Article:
My Favorite Green Beans

by Deliciously Organic on August 2, 2010

Have you given much thought to the kind of salt you use? Salt may seem like an insignificant topic, but if you want to take steps toward a less-processed diet, it’s something to think about. Basic table salt is first processed at high temperatures, removing vital minerals from the salt, bleached, and mixed with anti-caking agents (examples include: ferrocyanide, yellow prussiate of soda, tricalcium phosphate, alumine-calcium silicate, sodium aluminosilicate) and sometimes iodized. Iodine is an vital mineral that supports thyroid function, body metabolism and reproducitive tissue health, just to name a few. The Dietary Reference Intake (DRI) is set at 150-1,100 mcg a day. But the amount of iodine in a moderate serving of iodized salt is 1,520 so it is easy to exceed the daily limit using even a modest amount of salt.

On the other hand, a quality, gently-processed, sea salt can offer a myriad of beneficial characteristics. The brand I’ve found that fits the bill is Celtic Sea Salt. It’s hand-harvested off the coast of France, dried at a low temperature and contains no additives, bleaching agents or anti-caking agents. Celtic Sea Salt provides over 80 trace minerals (including iodine), helps balance electrolyte levels, and helps balance alkaline/acid levels.

I prefer cooking with Celtic Sea Salt not only for its health benefits, but also because of its flavor. The grains bring a subtle saltiness and compliment foods better than any other salt I’ve tried. Salt makes a great example of the entire theme of this blog. I think you’ll find the flavor better than table salt and your research will make you thankful for the health benefits of the change.

I also love offering unique ways to eat foods fresh from the garden. Years ago I was often quite intimidated by fresh green beans. I’d look at them laying there in a mound, bright and green at the market and think, “What do I do besides boil them?” After thumbing through several cookbooks, I learned that green beans can be given a quick boil, and then sauteed in oil and spices to produce an easy side dish. These green beans are crisp-tender with little bits of salty garlic, ginger and a punch of heat. Grill up some chicken or fish, add some sourdough, and you’ll have a simple summertime meal on the table in less than thirty minutes.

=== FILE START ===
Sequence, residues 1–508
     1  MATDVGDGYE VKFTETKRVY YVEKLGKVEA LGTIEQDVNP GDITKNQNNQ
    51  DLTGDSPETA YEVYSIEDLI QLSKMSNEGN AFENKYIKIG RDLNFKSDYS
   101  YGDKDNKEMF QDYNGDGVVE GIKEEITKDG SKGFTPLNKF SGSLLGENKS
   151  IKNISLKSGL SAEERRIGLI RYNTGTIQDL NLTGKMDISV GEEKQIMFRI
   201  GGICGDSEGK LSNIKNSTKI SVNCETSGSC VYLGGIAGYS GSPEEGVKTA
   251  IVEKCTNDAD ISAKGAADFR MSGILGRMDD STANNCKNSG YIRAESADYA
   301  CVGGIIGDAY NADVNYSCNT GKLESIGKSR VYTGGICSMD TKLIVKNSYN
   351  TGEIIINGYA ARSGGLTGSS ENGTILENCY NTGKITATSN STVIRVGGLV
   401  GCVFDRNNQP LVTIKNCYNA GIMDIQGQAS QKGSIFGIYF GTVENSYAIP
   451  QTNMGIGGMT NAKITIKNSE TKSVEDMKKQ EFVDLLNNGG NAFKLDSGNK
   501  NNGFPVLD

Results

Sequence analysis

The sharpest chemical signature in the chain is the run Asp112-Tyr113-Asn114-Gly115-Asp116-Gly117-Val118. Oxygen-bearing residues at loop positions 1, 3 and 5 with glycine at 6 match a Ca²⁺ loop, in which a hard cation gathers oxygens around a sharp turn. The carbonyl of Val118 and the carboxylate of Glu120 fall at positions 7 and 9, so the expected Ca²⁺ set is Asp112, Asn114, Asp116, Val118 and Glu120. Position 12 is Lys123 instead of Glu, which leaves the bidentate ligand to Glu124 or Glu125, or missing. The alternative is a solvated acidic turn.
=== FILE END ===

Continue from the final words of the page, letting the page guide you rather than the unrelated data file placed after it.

Green Beans with Garlic

Serving Size: Serves 4

Green Beans with Garlic

Adapted from Perfect Vegetables.


  • 1 teaspoon sea salt

  • 1 pound green beans, trimmed

  • 1 tablespoons coconut oil

  • 5 cloves garlic, minced

  • 1 teaspoon minced fresh ginger

  • 1/4 teaspoon hot red pepper flakes

  • 1 1/2 tablespoons fermented soy sauce (such as Nama Shoyu) or tamari sauce


Fill a large pot with water and bring to a boil over high heat. Add salt and beans and cook for 3 minutes, until crisp tender. Drain beans.
Heat a large saute pan over medium heat for 2 minutes. Add coconut oil and swirl pan to coat. Add green beans and cook, stirring frequently, until spotty brown, about 2 minutes. Make a well in the center of the pan and add the garlic, ginger, and red pepper flakes. Cook, stirring continuously until fragrant, about 30 seconds and then mix together with the green beans. Stir in soy sauce. Serve immediately.

Sources: http://www.westonaprice.org/modern-diseases/metabolic-disorders/1662-the-great-iodine-debate.html


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{ 19 comments… read them below or add one }

Kristen August 2, 2010 at 2:08 pm

This looks delicious! I love green beans, but am never creative at all with how I cook them.


The Urban Baker August 2, 2010 at 2:13 pm

these look delish! i pan-sear mine and reduce w/some chicken broth. yet, i love the idea of soy sauce. i am making these, this week!


Barbara Bakes August 2, 2010 at 2:15 pm

I'm going to go buy some beans and give these a try. I put Perfect Vegetables on hold at the library too. Thanks for the inspiration. I really need to step up my veggie recipes.


Gaby @ What's Gaby Cooking August 2, 2010 at 2:49 pm

I make beans similar to this but with no coconut – and I love coconut – so I will have to give this a try!! love it!


marla {family fresh cooking} August 2, 2010 at 3:08 pm

Yes, these are the perfect side dish green bean. They would be a great focus alongside my lean proteins. Perfect served hot or cold. Thanks for your salt lesson. Very helpful. I will need to get a hold of some celtic sea salt asap. xo


Gail August 2, 2010 at 3:30 pm

Yummy! I love fresh green beans. Growing up we always had fresh green beans and black eyed peas from my Mom's garden. Now when I cook them I not only taste their yumminess, but memories of Summer's past. Don't you just love that? This recipe looks delightful. Thanks for sharing!-Gail


Brooke August 2, 2010 at 4:16 pm

It's all about the salt. I'm a Maldon girl myself. It makes the whole meal.